According to Lee, Hawaii has a very limited manufacturing and tech sector which puts the service-focused economy at risk.
The text of the measure mentions the impact of technological advancements which have helped kill jobs in the state.
‘There has been a discussion for a long time about how do we build an economy where everybody can afford to live here and survive,’ Lee said.
Next, Hawaii has to gather a ‘basic economic security workshop group’ comprised of leaders from various sects of public life.
They will be tasked with assessing the state’s exposure to ‘disruptive innovation’ and submit studies on universal basic income (UBI).
Lee said: ‘There is definitely a recognition that beyond just talking about basic income that things need to change.
‘We need to take proactive action to chart a stable path forward for our economy and all of our residents.’
Other states have tossed about the idea of UBI for their residents. California’s Silicon Valley is looking to explore how working to address its displacement of blue-collar workers.
Democratic Congressman Ro Khanna proposed a $1 trillion earned income tax credit for working families. This is seen as a huge step for the movement of UBI.”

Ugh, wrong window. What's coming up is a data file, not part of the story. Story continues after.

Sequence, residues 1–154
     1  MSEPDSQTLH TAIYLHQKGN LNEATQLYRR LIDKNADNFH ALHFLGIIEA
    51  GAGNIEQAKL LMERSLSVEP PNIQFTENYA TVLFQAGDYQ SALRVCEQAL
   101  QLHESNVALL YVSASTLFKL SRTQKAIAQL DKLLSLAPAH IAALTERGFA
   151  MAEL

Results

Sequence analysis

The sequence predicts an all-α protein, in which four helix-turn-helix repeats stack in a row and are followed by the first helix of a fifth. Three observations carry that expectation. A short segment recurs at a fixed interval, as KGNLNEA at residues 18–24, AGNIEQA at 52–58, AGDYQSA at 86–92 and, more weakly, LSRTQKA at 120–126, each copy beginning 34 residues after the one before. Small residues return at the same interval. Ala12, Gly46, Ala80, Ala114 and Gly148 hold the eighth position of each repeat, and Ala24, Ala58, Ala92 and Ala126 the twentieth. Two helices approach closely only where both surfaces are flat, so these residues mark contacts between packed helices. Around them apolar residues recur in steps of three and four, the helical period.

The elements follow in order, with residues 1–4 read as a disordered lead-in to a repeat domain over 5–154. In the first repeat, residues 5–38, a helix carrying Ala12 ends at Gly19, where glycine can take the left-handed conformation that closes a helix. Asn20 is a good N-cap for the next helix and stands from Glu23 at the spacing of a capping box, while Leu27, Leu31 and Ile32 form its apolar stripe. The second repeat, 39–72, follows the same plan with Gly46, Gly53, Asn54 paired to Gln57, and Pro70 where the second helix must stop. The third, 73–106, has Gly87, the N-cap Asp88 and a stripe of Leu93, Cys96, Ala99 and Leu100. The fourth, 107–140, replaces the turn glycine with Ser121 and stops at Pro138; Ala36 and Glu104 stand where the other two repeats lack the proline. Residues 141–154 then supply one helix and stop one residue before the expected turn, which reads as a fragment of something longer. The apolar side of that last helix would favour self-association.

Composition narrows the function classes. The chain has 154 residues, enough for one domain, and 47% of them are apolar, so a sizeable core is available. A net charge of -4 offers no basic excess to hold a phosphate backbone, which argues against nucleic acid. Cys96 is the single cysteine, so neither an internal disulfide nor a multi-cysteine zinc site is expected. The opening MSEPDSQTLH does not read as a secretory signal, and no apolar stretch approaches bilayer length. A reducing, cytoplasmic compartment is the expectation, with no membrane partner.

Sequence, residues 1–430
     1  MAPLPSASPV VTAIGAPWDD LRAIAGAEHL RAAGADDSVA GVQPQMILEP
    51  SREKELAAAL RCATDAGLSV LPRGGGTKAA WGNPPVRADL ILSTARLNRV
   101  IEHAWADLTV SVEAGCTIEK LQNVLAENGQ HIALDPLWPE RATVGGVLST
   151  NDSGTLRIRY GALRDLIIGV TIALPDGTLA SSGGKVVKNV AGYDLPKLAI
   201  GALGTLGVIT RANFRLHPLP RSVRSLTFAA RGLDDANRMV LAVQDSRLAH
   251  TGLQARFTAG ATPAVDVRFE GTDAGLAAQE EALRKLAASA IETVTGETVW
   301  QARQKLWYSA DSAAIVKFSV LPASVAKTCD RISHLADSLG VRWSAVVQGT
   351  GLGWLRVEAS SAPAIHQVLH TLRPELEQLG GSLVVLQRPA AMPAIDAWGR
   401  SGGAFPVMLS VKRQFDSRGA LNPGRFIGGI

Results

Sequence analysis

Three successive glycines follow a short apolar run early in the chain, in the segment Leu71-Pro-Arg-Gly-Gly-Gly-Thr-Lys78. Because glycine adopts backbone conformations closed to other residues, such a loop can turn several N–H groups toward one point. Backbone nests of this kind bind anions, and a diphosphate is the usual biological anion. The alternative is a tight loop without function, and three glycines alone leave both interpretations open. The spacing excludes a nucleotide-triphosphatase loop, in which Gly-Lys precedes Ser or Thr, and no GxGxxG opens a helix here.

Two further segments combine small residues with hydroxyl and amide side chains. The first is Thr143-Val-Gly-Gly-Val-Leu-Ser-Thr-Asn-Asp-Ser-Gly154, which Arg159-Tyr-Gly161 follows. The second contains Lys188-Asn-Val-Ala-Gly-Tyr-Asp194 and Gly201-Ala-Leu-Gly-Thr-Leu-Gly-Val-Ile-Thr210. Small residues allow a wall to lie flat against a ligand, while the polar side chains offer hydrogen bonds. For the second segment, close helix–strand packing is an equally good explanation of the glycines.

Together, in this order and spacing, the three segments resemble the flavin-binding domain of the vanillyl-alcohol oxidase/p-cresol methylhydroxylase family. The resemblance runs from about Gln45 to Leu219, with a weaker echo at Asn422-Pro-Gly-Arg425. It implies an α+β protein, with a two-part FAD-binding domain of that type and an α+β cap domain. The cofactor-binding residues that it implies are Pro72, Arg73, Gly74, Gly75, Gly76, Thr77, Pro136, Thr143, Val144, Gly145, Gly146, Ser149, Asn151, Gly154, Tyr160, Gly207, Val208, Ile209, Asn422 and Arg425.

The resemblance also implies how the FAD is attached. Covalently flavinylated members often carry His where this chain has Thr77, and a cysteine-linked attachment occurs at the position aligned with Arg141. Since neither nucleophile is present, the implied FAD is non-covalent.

Just in case that gave you too glowy a feeling about this beautiful socialist tool called universal basic income, here’s conservative political analyst Mark Dice giving you the dirty low down on how Facebook creator Mark Zuckerburg wants it to go down:
All of this sounds great if you start out with the premise that the system is broken. Capitalism isn’t broken, it is the essence of fairness. It’s not fair in the sense that money will be distributed equally (unless of course, those with more intend to share it willingly with those who have less) but it’s fair in the sense that on the most basic level, everyone has the same chance. Yes, nepotism is a thing and having connections or big piles of family money helps, but Zuckerburg of all people should be in favor of a system that let’s those who have no background in an industry bust in with guns blazing and take it over.
Here’s the deal; I bet if every absurdly rich socialist out there, like Mark Zuckerburg and Bernie Sanders got together and pooled their money (I feel like I should say “oceaned their money” considering how much there’d be) into one great big “equality fund” I don’t think there’s a person in America that would try to stop them. Then they can have us all line up with our tax returns and they can equal out our income until everyone is on an equal footing with them. If they decide to do that, I’ll be right there in line camped out in line with all of you, eager to get my free money. However, if you plan to run this up the political food chain and take my money by force and give it to underachievers, that’s where we’re gonna have a few problems.
Giving your money to people whom you think need it is generosity. Giving mymoney to people you think need it is stealing.
You’re not Robinhood. And if you were, you’d have to steal from yourself, so there’s that.
Source: Daily Mail